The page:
Therapy at Home?
I am always interested in learning about different types of therapy and what benefits they might bring to my fight with illness. I recently read about the effectiveness of Cognitive Behavioral Therapy (CBT) in the home. That’s right, at home, no therapist (for the most part) and except for the cost of a book or app; it’s free! I will admit that I was a little surprised that I had not heard of this. While I knew a good bit about CBT, I didn’t really know that it could be effective without the regular guidance of a trained clinician. I may have overlooked this, as I am the type that loves going to an office, sitting on the couch and baring my soul to my therapist. Yes...I am that neurotic. Anyway, how is this type of therapy done at home and are you qualified to be your own therapist? Let’s see.
Cognitive behavioral therapy at home
Interestingly enough, I found out about this self-directed approach to CBT by researching IBS related issues. I found a particular study that actually showed that self-directed CBT was just as effective for IBS related anxiety, stress and depression than actually going to the office to sit with a therapist.1 I believe the reasons for this are two-fold. One, is that people who are struggling with IBS related mental health issues are very often reacting to the strain that IBS has put on their lives and not with a particular chemical imbalance (like bi-polar disorder, which I have). The pain that is experienced by living with IBS or some other chronic condition creates distorted and negative thought processes that can be counteracted with CBT. Learning the techniques to balance these negative thoughts and the accompanying anxiety and depression is very doable for someone in their own home with the right tools and information. It is a lot like meditation or exercise in that it simply requires diligence and practice. The second reason why 'at home' therapy may work for those of us with IBS, is that it doesn’t add one more ‘appointment’ to our already hectic lives. It is one less medical bill we have to deal with, one less place we need to be and one less obligation we have to attend to. This is very important to those of us who feel overwhelmed with our day to day mission.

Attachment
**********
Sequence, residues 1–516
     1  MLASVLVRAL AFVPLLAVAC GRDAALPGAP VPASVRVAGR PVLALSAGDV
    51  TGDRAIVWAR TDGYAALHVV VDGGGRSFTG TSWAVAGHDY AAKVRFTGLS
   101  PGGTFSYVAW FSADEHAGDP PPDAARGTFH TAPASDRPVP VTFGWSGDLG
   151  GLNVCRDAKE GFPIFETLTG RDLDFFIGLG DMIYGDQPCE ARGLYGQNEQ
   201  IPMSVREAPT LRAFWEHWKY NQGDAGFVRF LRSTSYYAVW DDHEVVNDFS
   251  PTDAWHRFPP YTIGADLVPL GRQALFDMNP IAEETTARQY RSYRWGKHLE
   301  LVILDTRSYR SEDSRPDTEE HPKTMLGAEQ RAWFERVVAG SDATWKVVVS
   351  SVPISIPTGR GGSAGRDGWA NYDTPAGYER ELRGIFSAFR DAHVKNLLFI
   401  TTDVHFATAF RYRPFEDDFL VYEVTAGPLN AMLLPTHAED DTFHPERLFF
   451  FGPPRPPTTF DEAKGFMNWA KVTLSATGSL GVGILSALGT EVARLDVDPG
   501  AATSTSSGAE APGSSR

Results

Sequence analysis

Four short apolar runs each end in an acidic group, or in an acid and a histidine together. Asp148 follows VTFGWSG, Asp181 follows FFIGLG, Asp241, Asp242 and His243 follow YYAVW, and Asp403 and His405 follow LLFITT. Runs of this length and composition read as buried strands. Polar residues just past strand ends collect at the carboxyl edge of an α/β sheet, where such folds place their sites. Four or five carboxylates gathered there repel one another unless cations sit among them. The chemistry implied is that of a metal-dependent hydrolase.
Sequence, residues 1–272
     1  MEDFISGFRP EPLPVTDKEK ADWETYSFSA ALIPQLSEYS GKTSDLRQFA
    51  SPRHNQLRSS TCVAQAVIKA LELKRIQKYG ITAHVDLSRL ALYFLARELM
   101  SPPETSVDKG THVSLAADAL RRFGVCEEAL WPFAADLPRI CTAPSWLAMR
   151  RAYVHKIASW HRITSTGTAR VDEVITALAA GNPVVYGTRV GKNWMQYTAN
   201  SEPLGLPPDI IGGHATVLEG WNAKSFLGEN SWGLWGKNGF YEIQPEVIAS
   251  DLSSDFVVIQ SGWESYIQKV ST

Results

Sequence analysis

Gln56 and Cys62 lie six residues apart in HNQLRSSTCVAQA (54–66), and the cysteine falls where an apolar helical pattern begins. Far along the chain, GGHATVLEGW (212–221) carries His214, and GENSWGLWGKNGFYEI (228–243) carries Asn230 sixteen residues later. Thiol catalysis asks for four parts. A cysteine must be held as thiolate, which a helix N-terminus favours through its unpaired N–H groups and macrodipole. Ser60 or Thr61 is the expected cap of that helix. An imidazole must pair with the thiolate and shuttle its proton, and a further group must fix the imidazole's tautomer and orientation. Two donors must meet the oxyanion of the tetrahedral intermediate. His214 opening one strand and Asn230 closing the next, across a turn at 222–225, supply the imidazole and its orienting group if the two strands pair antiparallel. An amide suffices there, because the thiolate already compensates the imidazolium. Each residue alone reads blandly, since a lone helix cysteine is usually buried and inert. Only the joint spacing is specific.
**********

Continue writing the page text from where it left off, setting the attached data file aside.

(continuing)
How to get started with at-home cognitive behavioral therapy
It is suggested that the way to get started with the at-home process is by first visiting a therapist (yes, in the office) for three to five visits to become oriented to CBT. This will set you up for success. Afterwards, there is a wealth of information about at-home CBT on the internet, with various tutorials, guides and apps to support you. Sounds good, huh?
I do feel a need to say a word about therapy, though. As has been mentioned here many times before, there is an obvious correlation between mental health related issues (such as anxiety, depression, anger) and IBS. I am sure we all have our opinions about how much they correspond and which came first, the IBS or the mental health stuff, but I think we can agree that very often they go hand in hand. That said, as a sort of disclaimer, I am of the opinion that if your mental health issues are advanced enough, that you should probably seek the guidance of a trained professional. While therapists are expensive, hard to get to and difficult to schedule around, I truly believe in this process.
Do you have a good understanding of what triggers your flares?